When a Royal Navy vessel or a private man-of-war captured an enemy ship, a court needed to establish whether the vessel was in fact a lawful prize: in other words whether the ship, crew or cargo belonged to an enemy state. To determine this, crew members were cross-examined (if necessary with the help of a sworn-in interpreter) about all matters relating to the ownership of the ship and its cargo. Commonly, three crew members were questioned, usually a cross section of the ranks aboard.
From these interrogations, we have created a database, containing all the information required by the interrogation rubric and therefore consistently present in the interrogations.The database comprises two tables, one of which deal with information about the ship, such as geographical markers of its ports of origin and destination, its tonnage, the number of nationalities aboard and information about its owner. This is linked to information about the crew, since there was normally more than one crew member interrogated per vessel. The crew table includes demographic information about the individual interrogated, an indicator of his literacy, his rank and the length and nature of his relationship with the master of the vessel.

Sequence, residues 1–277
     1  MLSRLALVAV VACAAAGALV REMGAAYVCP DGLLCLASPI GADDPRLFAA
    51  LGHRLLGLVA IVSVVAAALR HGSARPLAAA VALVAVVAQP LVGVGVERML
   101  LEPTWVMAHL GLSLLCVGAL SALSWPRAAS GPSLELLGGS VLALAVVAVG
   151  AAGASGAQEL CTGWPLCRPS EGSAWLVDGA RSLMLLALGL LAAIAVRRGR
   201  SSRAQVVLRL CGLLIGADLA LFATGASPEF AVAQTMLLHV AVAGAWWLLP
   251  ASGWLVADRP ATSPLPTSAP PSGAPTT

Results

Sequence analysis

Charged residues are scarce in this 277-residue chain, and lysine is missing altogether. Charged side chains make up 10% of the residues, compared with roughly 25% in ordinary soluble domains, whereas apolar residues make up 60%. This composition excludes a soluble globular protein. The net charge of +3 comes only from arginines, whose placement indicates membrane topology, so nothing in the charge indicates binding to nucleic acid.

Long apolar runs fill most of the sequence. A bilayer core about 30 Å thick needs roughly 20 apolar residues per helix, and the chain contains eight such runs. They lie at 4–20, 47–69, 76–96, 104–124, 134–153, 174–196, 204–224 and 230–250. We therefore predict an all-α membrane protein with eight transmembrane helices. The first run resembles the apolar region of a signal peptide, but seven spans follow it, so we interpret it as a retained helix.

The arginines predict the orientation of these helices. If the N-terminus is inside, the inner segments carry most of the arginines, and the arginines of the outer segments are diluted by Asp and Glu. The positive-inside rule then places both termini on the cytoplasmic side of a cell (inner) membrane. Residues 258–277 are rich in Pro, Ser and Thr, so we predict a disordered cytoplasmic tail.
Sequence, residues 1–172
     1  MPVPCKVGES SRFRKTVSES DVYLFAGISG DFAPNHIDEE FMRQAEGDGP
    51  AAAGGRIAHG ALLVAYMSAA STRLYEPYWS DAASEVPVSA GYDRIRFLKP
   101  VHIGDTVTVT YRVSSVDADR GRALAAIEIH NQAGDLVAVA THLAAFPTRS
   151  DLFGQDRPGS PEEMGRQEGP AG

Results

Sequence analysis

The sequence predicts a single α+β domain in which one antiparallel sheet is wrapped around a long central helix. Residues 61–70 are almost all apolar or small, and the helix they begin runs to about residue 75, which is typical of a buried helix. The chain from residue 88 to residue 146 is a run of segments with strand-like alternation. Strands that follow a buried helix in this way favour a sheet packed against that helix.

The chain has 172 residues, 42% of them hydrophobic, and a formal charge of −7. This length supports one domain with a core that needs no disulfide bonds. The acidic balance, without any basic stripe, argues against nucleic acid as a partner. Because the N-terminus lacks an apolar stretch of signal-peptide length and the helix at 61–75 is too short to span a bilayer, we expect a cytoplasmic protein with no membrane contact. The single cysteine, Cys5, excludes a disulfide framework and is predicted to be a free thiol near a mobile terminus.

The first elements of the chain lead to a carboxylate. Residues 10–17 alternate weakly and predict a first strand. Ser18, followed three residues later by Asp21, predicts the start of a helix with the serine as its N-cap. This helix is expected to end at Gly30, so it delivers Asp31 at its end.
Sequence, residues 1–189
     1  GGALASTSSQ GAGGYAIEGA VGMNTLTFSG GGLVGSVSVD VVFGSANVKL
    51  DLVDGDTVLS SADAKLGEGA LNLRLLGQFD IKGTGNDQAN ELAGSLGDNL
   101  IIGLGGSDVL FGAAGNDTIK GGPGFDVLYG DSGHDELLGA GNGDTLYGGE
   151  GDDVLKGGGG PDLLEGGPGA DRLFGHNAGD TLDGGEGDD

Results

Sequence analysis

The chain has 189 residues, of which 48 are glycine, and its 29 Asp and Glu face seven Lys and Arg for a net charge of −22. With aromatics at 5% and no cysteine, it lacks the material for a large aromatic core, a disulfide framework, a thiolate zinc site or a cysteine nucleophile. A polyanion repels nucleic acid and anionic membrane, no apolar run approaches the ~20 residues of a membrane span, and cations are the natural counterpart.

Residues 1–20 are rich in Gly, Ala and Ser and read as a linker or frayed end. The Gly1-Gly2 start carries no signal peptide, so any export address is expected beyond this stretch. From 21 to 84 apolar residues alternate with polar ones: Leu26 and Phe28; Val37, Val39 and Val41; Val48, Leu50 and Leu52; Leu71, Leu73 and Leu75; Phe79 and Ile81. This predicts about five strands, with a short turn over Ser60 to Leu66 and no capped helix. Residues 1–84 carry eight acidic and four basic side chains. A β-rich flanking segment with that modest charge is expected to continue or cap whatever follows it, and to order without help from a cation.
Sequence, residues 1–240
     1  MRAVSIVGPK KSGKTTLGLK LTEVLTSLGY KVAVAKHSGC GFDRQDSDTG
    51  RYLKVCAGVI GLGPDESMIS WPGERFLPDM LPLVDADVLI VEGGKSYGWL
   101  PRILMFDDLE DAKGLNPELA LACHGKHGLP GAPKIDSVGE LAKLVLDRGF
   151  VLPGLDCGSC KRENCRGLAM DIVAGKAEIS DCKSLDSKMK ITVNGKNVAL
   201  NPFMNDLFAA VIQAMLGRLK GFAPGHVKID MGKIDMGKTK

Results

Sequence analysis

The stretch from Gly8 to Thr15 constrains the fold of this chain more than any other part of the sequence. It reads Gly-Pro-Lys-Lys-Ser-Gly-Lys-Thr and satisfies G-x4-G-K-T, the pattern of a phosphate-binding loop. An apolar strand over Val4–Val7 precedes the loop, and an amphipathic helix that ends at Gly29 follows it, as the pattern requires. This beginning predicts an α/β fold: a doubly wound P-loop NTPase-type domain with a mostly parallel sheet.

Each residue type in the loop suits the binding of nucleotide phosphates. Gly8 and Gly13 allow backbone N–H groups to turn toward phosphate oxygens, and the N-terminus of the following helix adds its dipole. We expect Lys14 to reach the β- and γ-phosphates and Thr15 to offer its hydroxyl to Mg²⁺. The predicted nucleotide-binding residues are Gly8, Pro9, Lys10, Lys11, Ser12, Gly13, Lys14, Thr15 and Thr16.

|Date made available||31 Dec 2016|
|Publisher||UK Data Service|
|Temporal coverage||1800 - 1803|
|Date of data production||2011 - 2014|
|Geographical coverage||United Kingdom|